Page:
What to Do When A/B Testing No Longer Yields Results

Why aren’t people completing your lead gen form or buying?

If you’ve been optimizing your landing pages and experimenting with marketing offers, but see flat or minimal gains, it might be time to talk to your audience and get inside their heads.

There are several different ways to figure out why your landing page is repelling your prospects or how to pivot your strategy.

Here are 5 ideas:

1. Watch users react to your landing page

Recruit people who match your target audience and are currently in the market for whatever you’re offering. Next, observe how they behave on your landing page after they click from a…

  • Email promotion
  • Display ad
  • Paid search ad

Ask your research participant to think aloud while they interact and read the information on the ad and landing page.

Ask follow-up questions, such as:

  • Does the website meet your expectations based on what you saw in the ad?
  • Do you trust this company? Why or why not?
  • What this page is promoting?
  • Is there any information here that is confusing or missing?
  • Do the fields in the form make sense?

Repeat this process with competitor ads and corresponding landing pages.

2. Talk to leads/customers to find out why they completed your form or purchased

Recruit people who recently completed your lead gen form or purchased your widget. By recently, I mean in the past few seconds (or few hours at most) — you want the experience to be super fresh in their mind.

Interview research participants individually, and have them describe to you…

  • What triggered their visit to your website that day (e.g., ad, search)
  • What problem they’re trying to solve
  • What other solutions they’ve researched or considered
  • Who they trust or what trust cues they look for
  • Why they completed your lead gen form or purchased
  • If they received what they wanted from your organization
  • If they visited any competitors, and what those experiences were like

3. Survey leads/customers to learn who they are & what they need

Talking one-on-one with your prospects will give you deep insights into their needs, perceptions, and behaviors. Supplement your qualitative research with a survey to validate and size these insights.

If you use multiple marketing channels, it might be useful to find out if there are any differences between each audience. For example, you might discover Facebook ads are driving a significantly older audience than your paid search channel, or they are at a different point in the sales funnel.

Use the survey to ask leads/customers to rank trust indicators or offers.

4. Follow prospects around while they shop

Recruit people who match your target audience and are currently in the market for what you’re offering. Next, ask them to document their research or shopping activities into a digital diary over a period of time (e.g., one weekend, several weeks).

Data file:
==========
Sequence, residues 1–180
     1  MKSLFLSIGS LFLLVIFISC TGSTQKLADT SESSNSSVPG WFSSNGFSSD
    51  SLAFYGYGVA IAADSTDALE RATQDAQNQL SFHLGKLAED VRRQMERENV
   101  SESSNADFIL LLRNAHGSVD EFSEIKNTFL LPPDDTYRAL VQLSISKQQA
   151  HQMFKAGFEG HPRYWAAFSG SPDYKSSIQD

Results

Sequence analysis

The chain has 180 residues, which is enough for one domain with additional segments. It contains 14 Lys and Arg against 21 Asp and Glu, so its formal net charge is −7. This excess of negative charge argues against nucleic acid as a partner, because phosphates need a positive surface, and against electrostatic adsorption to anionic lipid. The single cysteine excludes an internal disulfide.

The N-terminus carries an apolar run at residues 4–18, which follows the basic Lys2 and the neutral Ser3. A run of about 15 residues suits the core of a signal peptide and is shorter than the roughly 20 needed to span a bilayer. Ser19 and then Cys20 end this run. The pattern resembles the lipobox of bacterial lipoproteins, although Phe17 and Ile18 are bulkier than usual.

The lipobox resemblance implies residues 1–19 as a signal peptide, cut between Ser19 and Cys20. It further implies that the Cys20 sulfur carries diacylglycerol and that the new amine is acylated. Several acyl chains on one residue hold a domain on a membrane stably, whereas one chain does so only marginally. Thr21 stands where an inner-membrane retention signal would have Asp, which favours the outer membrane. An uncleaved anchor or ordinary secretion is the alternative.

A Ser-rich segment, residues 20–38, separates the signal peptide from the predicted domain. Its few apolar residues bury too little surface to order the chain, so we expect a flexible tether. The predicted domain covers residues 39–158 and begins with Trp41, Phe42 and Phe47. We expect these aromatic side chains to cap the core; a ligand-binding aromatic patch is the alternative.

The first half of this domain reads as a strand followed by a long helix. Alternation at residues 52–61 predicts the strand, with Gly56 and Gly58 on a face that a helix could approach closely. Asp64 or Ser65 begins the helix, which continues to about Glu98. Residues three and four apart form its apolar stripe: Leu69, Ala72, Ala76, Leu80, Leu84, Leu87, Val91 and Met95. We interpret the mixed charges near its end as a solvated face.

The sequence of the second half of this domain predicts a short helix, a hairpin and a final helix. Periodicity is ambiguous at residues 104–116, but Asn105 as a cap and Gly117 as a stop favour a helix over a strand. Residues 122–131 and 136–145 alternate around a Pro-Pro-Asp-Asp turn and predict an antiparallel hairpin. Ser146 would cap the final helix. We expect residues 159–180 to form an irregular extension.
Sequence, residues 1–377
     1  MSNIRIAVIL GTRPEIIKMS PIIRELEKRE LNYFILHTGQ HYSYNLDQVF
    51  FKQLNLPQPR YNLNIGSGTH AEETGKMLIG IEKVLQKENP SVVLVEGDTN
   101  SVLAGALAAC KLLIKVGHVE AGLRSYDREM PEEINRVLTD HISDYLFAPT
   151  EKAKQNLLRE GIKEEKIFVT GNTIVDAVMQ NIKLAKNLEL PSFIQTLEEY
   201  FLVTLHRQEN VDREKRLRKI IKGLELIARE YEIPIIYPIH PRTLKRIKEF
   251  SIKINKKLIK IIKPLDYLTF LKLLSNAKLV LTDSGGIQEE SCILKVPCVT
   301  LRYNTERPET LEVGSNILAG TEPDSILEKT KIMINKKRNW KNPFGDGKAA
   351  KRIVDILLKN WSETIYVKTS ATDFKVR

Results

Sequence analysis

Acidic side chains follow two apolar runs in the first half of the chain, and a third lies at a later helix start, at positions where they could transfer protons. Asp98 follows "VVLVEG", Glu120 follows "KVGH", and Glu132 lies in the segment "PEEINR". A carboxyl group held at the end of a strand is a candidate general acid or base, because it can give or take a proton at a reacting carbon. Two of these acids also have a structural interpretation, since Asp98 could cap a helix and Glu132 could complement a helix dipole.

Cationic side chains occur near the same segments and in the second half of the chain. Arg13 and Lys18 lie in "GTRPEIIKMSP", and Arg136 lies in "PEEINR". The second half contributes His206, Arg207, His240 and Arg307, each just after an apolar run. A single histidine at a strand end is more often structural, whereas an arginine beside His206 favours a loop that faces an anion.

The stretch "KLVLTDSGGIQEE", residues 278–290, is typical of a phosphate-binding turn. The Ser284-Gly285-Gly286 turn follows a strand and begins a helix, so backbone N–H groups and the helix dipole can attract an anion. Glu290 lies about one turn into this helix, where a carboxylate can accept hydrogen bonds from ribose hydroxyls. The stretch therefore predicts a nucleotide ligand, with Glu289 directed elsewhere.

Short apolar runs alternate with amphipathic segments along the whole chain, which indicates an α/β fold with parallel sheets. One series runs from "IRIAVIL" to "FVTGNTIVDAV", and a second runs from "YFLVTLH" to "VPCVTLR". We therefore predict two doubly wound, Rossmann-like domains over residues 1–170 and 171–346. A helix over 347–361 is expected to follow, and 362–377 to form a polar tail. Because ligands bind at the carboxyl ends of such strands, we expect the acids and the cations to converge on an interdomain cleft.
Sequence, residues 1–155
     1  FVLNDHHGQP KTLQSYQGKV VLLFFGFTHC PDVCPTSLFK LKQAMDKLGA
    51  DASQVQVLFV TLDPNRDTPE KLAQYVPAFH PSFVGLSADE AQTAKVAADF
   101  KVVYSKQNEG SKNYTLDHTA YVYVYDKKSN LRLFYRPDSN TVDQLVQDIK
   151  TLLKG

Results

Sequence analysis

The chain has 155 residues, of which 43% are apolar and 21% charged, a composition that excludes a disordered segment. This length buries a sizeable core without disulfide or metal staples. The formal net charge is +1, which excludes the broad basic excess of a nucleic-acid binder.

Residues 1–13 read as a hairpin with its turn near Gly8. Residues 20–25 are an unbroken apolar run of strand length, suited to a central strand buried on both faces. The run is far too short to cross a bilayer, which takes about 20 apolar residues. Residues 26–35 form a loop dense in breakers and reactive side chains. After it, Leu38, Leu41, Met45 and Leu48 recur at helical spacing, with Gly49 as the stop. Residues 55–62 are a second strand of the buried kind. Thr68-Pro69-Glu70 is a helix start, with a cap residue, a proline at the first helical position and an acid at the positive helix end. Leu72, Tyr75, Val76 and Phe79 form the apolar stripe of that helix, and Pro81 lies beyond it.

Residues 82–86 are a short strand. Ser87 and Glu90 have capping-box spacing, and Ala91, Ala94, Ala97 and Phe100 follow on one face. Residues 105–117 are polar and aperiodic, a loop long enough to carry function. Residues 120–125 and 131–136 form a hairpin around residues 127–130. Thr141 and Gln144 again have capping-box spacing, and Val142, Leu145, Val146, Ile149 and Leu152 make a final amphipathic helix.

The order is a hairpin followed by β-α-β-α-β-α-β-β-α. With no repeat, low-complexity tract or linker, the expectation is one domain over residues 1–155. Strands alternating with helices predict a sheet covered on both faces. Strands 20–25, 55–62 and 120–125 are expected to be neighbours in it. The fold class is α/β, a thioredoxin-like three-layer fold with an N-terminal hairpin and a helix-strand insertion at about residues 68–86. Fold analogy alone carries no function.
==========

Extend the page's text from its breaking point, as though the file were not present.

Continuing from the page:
Alternatively, there are tools you can have research participants download to their phones or computers that automatically record the websites they visit.

*In both cases, you will capture observations that may or may not include the specific landing page(s) in question due to the organic nature of a diary study. However, the findings will likely still help inform how to improve your landing page experience.

5. Ask leads/customers to rate concepts

Recruit recent leads, customers, and/or target audience, and then have them give feedback about your landing page ideas:

  • Which headlines are most compelling
  • Which trust indicators are most compelling
  • Which marketing offers are most compelling
  • Which types of information or formats are most useful
  • Which videos or photography are most compelling

You could have participants rate each concept individually, rank all concepts from best to worst, or choose the best among all concepts. Concepts can be written descriptions, sketches, or fleshed out designs.

Depending on which research methodology you choose (focus group, survey, interview), also try to find out WHY they’re attracted or repelled to each concept.

In summary

A/B testing is a great way to generate incremental revenue or leads, but talking to and observing your target audience can help you leapfrog to even bigger gains.

Related Articles

How to Conduct Concept Tests Quickly + Cheaply
The Pros + Cons of Using Google Docs for Diary Studies
28 User Research Methods

Author: Kristine Remer

Kristine Remer is an independent UX researcher & strategist in Minneapolis. Connect on Twitter @kristineremer